Tikvah remembered the day her older sister was come of age. Her mother and father had purchased a lovely alabaster jar of spikenard. This ointment was saved for the day that the maiden would be married, meant to be a dowry, all she had, to be given to her husband. Then in privacy, she would break the jar and pour the ointment over her beloved’s feet. In their culture, this was an act done as an act of her love and devotion before the marriage consummation.
That was a long time ago, and now Tikvah remembered this with grief; her name was hope and yet now all hope seemed lost. Tikvah was a sinful woman, having broken her alabaster box time and again in all the wrong ways… So much had happened between the day of her sister’s marriage to now.
Tikvah longed for forgiveness, to know what real love was! As Tikvah reminisced, she thought of the Rabbi Jesus, who was teaching all men-. She’d heard that he even ate in houses with sinners. Some called him a glutton, still others referred to him as a drunkard and friend of tax-collectors.
“If Jesus cares for the tax-collectors and he’s healed lepers…. could he heal me- would he forgive me?!”
Tikvah was no-longer a beautiful young woman, and those who once partook in her sin only beheld her with disdain now. The Pharisees offered no hope, they wouldn’t dare even talk to her lest they be associated with her. Yet, Tikvah had found a glimmer of hope in this man Jesus; who claimed to be the Son of God! Even the publicans were baptized in his name! Tikvah would listen to Jesus as he spoke to the crowds; she hadn’t the courage yet to approach him, but His words were enough- they spoke hope into her life!
All night long, Tikvah was reminded of her sin, but with a growing hope in Jesus she realized a Savior, and a God who would love & forgive her.
News spread that Jesus had been invited to eat with one of the Pharisees. Tikvah, seized the opportunity, besides, how could she guarantee that Jesus would stay in the region much longer? Tikvah wasted no time in purchasing an alabaster flask of ointment. Spikenard- it meant purity, and for the first time Tikvah’s intention was of purity, she was going to give all she had left in this small flask. She recognized a love in Jesus that no-one had ever shown her, Jesus cared for her not because of what she could do for him but because He knew a greater love. He would forgive her, cleanse her of her sin, what marvellous love!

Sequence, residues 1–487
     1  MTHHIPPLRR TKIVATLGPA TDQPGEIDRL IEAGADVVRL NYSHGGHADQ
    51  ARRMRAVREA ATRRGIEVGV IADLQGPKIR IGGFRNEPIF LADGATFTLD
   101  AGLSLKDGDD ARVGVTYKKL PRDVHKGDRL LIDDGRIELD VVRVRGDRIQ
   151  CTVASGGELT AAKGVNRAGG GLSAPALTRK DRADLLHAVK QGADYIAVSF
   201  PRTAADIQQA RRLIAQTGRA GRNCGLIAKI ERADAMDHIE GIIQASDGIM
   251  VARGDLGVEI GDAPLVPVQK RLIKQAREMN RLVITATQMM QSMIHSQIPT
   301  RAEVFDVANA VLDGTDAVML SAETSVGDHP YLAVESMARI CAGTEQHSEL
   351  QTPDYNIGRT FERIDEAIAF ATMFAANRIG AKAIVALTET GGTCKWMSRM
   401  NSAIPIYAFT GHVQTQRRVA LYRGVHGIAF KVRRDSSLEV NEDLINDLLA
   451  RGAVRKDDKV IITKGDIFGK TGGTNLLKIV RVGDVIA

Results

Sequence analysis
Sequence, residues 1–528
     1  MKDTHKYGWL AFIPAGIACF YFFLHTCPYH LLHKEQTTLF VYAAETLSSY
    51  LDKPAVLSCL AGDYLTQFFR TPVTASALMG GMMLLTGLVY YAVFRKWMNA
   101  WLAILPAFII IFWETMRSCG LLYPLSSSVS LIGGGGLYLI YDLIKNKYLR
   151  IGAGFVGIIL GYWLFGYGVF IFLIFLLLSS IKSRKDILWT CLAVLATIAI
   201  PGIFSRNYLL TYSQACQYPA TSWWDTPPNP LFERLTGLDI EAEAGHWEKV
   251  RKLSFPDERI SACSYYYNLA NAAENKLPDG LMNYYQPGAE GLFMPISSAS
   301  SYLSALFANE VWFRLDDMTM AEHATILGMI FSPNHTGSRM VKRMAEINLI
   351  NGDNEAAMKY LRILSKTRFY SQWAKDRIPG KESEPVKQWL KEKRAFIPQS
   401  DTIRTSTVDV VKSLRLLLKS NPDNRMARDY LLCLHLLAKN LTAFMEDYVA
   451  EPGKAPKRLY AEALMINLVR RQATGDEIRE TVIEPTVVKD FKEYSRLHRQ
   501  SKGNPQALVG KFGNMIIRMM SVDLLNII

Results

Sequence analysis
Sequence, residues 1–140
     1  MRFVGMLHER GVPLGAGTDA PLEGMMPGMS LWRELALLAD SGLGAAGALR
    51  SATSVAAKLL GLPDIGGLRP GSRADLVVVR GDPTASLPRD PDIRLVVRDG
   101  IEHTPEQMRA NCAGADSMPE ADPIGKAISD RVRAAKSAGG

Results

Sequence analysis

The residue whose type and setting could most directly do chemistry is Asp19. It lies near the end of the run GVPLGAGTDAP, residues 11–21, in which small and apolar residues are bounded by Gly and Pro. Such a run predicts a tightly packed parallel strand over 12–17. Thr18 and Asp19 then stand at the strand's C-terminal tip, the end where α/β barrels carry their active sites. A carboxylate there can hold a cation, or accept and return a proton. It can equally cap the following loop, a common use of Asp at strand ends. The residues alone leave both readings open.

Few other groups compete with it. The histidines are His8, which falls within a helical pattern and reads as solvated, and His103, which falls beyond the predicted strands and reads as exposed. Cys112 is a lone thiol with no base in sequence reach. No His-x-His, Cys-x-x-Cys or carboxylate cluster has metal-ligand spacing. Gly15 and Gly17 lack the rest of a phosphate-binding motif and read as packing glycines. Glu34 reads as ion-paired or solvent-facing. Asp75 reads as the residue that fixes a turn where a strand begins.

That evening Tikvah took the flask with her to the Pharisee’s house. Without a second thought she entered, and coming to Jesus she knelt at his feet. Beholding her Lord, she was overwhelmed. As she wept, she didn’t notice the disciples and Pharisees watching… She took the flask and broke it; pouring it’s precious ointment over His feet, then using her hair, she wiped them. What a sacred moment it was between Tikvah and her Lord; yes, she was giving her all to Him.
“ This man, if he were a prophet would have known who and what manner of woman his is that toucheth him- for she is a sinner!” the shocked Pharisee spoke at last.
“Simon, I have something to tell you” Jesus said
“ Tell me”
“Two men owed money to a certain money lender. One owed him five hundred denarii and the other fifty. Neither of them had the money to pay him back, so he cancelled the debts of both. Now which of them will love him more?”
Simon seemed puzzled, what did this have to do with the sinful woman?
“ I suppose the one who had the bigger debt”
“You have judged correctly” Jesus said, then turned to Tikvah “Do you see this woman? I came into your house; you did not give me any water for my feet, but she has wet my feet with her tears and wiped them with her hair. You did not give me a kiss, but this woman, from the time I entered, has not stopped kissing my feet. You did not put oil on my head, but she has poured perfume on my feet. Therefore, I tell you, her many sins have been forgiven- for she loved much. But he who has been forgiven little loves little.”
Jesus looked into Tikvah’s eyes and spoke gently,
“Your sins are forgiven, your faith has saved you- go in peace”.
~ THE END ~
Notes: Tikvah is a Hebrew name meaning Hope
Spikenard: a Greek name for this herb was lavender
Disclaimer: This is a dramatization of the account given in Luke 7:36-50, the gospels Mark, Matthew and John all have an account similar to this, only they are of Mary the sister of Lazarus.
The last resource is one that includes a story of Mary of Bethany, how her symbol with the alabaster jar was a laying on the altar of her all, that’s the story that inspired me to write about it 🙂